Mac: Once you told them you wanted out, did they keep you at the command you were with for awhile?
Ross: The schedule that we were on, we were supposed to stay at Camp Lejeune, North Carolina, for a year and a half before deploying again, so they kept me in my unit and basically just made me errand boy, phone watch, barracks watch. I did that for about nine months straight, and that was it. There was a certain amount of harassment that went along with it, but nothing too severe.
Mac: When had your unit returned to Camp Lejeune?
Ross: Back in January, 2005.
Mac: How many Marines had a sympathetic position toward you?
Ross: Well at that point it really wasn't totally clear to me what my position was, so I couldn't really explain it to my friends. I knew something was wrong; I knew something wasn't sitting right with me, but I couldn't totally put it into words. I really thought I had PTSD back then, but now I just think I felt guilty about being involved with Fallujah, but now that I can fully articulate what was bothering me about Fallujah and our entire deployment in Iraq, our entire mission as Marines in general, everyone from my unit hates me. They call me a terrorist basically.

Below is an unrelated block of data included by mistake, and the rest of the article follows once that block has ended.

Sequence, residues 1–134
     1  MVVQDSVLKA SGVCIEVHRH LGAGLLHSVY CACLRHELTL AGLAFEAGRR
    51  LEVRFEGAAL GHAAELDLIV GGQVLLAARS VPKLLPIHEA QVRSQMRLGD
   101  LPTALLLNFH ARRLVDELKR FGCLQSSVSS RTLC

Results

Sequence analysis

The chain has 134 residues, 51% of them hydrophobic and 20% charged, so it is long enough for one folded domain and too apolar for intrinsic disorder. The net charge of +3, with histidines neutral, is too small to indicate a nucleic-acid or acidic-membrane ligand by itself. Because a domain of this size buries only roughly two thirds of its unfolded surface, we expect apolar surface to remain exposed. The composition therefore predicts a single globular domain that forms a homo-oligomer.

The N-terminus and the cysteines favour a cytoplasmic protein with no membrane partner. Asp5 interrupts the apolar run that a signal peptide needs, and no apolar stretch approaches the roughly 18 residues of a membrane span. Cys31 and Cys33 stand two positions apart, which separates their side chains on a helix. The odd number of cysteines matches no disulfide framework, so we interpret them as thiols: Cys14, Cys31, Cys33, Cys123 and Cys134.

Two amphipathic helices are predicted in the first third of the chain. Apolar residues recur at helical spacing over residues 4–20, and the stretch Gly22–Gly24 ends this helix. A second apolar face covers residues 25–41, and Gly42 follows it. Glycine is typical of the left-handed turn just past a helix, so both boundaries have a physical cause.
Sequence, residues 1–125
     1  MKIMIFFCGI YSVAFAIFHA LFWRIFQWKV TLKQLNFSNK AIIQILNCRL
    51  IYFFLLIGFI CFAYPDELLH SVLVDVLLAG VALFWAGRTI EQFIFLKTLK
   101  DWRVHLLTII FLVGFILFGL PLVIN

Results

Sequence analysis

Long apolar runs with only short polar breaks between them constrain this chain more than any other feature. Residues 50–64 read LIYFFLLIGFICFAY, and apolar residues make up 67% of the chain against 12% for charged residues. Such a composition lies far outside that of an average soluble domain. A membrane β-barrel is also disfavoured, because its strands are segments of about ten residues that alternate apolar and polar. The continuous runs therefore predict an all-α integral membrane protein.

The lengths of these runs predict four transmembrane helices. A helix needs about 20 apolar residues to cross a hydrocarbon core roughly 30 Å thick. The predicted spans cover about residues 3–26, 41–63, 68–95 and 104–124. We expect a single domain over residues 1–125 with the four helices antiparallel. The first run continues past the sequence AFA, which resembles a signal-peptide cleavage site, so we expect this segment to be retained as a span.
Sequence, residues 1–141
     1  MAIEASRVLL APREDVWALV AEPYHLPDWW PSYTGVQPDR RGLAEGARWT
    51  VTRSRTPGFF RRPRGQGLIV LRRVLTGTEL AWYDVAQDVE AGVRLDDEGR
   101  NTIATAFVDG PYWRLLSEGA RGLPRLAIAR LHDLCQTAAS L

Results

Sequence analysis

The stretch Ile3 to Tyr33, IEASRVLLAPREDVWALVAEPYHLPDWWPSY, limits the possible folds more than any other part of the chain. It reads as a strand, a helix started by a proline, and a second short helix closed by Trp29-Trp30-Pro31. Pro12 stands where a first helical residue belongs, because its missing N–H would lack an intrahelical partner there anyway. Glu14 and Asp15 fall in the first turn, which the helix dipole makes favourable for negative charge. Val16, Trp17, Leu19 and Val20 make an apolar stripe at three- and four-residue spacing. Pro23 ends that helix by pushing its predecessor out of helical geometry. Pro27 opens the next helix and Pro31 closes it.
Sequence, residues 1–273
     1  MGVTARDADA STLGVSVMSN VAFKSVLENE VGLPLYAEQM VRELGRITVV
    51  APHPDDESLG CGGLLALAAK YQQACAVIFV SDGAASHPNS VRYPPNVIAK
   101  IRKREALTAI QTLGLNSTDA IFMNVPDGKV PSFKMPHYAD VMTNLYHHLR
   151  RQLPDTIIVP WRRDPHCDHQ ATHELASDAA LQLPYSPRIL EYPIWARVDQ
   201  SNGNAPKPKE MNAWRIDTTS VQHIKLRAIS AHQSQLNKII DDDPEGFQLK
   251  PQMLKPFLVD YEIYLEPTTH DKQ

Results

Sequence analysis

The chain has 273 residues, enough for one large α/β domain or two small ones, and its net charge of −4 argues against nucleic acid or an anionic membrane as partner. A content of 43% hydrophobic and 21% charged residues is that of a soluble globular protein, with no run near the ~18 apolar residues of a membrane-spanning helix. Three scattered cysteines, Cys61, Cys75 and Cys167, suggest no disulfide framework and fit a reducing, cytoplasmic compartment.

Mac: You're with us or against us! So, when you separated, did they give you an Honorable Discharge or a General Discharge?
Ross: General under Honorable Conditions.
Mac: How long before you decided to join Iraqi Veterans Against the War?
Ross: I'm not actually with them. I guess I am a member of March Forward, but I mostly just do campus activism. I run the Anti-War Coalition chapter at Boston U. I'm in Students for Justice in Palestine and I have my own project called the Justice for Fallujah Project, which is outside of the school I guess.
After I got out, I went to Italy for a year and a half and really didn't want to be involved in anything. I didn't want to live in this country. I didn't want to think about it, and then a year and a half later I came back and started getting involved in activism on the campus.
Mac: What are you studying?
Ross: Lingusitics, Italian and Spanish.
Mac: OK, thanks. Let me start asking Dahlia some questions now.
This is where I will end Part One, and then we will get heavily into what Dr. Dahlia Wasfi has to say about Iraq in Part Two.